So if I've been so content and willing to stay right where God has planted me, why hasn't He moved me to a "better" place? Not like, give me patience and give it to me now, but more like this is a strange curiosity.
But what if God isn't waiting for me to be content? I should say, what if God isn't waiting for ME to be content? The other day in the car, EJ was complaining about where we live, and my husband admonished him to learn how to be content (and the ensuing conversation detailed exactly how one learns something so abstract).
And that's when the lightning hit.
What if God is waiting for my son to be content?
The first time I thought this, I almost laughed out loud. I know that God works in children's hearts, teaching them to be more like Him as they grow, but for some reason, I had never even considered that my life might be impacted by my son's spiritual growth. Crazy, I know! I am not the only one whose life will change when my life changes. Isn't it natural to think that God would want all of us to be on the same page before we start the next chapter of our lives? (How's that for a mental image? I love mixed metaphors. They're so fun to think about.) And here I've been, making sure to teach my son all the important "kid" virtues (sharing, being respectful to authority, etc.), and concentrating all the rest on myself. Shame on me for not even thinking about teaching him the "adult" virtues. He is smart/tender enough, he can learn them too!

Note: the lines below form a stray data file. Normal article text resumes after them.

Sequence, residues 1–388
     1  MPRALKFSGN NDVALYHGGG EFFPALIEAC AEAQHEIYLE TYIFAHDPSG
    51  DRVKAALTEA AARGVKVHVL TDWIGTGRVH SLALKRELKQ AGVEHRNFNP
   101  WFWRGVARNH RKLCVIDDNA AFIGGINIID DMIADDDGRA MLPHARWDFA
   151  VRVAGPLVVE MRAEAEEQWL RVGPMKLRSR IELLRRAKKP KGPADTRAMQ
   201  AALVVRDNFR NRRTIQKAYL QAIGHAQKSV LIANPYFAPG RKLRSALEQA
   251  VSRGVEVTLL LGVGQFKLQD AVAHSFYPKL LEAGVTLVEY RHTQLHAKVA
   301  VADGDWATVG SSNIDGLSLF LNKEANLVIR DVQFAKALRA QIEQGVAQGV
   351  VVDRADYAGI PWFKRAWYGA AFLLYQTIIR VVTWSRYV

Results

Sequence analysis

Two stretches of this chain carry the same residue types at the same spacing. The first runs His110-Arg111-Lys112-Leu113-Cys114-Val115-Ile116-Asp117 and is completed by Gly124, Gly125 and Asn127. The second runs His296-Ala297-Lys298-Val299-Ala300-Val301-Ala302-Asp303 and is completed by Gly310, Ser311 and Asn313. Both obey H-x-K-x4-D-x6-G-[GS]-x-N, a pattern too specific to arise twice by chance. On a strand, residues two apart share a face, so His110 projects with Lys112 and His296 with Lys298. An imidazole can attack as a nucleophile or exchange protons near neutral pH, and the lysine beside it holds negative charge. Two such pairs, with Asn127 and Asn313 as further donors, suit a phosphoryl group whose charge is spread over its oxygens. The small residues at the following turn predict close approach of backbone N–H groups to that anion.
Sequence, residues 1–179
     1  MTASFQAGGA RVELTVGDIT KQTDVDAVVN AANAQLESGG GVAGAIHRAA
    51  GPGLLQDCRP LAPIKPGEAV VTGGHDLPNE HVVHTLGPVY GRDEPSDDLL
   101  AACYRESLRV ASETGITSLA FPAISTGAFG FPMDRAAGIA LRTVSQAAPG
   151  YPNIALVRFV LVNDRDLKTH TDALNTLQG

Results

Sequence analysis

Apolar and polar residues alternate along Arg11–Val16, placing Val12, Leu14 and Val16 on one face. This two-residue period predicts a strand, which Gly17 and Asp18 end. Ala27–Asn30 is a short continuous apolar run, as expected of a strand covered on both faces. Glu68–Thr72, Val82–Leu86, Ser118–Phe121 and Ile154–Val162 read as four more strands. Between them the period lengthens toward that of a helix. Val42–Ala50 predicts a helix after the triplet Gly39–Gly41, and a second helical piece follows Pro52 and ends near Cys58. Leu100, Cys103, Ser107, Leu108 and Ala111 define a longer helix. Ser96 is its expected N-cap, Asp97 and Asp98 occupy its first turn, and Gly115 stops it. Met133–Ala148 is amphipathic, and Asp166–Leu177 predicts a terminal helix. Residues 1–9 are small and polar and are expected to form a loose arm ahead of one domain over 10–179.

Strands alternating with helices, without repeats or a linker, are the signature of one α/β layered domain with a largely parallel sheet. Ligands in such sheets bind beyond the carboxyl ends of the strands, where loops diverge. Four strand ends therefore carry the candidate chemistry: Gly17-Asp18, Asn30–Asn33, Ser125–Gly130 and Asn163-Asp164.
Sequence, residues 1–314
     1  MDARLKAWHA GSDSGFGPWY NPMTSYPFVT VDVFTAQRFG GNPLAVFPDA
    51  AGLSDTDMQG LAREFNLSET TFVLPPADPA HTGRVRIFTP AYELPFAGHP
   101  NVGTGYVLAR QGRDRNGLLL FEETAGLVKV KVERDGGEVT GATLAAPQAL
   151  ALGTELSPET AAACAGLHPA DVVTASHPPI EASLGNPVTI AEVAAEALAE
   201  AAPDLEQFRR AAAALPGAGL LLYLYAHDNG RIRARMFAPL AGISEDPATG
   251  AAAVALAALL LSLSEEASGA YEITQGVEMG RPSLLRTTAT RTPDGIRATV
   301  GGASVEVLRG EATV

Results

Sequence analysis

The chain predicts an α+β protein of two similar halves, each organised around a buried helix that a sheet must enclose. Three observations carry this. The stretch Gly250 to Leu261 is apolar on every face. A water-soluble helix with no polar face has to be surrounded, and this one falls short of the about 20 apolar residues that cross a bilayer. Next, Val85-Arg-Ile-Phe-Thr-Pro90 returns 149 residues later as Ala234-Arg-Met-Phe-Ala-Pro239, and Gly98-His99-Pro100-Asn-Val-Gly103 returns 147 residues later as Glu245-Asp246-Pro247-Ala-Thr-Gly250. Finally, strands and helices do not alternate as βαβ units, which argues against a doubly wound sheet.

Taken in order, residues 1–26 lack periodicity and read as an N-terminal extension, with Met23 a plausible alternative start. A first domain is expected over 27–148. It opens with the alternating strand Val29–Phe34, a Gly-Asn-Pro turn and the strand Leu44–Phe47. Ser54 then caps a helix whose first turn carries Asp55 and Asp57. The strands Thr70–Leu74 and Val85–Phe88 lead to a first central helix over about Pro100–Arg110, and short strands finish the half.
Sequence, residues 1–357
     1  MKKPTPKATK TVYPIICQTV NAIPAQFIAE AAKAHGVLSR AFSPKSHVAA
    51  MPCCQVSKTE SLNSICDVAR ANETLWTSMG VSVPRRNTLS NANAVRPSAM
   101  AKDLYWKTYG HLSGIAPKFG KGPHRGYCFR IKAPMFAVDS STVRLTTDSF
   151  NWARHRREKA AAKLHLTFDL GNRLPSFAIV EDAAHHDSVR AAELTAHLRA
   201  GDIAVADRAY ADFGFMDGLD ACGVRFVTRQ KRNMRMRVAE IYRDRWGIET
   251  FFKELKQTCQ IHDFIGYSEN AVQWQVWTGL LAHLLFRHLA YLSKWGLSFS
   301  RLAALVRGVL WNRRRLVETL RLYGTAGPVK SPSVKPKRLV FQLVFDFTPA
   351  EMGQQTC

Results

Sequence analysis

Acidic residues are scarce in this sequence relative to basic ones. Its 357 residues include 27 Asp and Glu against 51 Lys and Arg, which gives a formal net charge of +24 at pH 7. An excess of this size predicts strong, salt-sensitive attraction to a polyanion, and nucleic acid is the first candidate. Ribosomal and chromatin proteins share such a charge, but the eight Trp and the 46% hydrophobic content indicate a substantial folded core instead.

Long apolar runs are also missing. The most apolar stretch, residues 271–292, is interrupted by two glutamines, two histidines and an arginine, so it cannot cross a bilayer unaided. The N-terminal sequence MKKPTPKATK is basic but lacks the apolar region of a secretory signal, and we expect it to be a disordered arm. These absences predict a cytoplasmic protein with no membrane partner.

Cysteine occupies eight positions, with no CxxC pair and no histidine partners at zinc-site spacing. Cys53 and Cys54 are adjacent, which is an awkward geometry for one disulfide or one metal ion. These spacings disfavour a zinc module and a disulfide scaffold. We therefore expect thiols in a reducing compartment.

Turns out, training your kid to serve God with his whole heart is a lot easier to communicate when you teach specifics (contentment, humility, etc) than when you generalize with "your attitude is not right--fix it or I will" while wielding your disciplinary tool of choice. Every negative action has a root heart problem that goes with it, so why not begin when they're young teaching them to uncover those root heart problems? (And get a spiritual smack across the face while you're at it for not realizing sooner that "train up a child in the way he should go" also includes helping him learn stuff most people don't learn until they are adults. I mean, wouldn't that make "the way" so much easier to "go"?)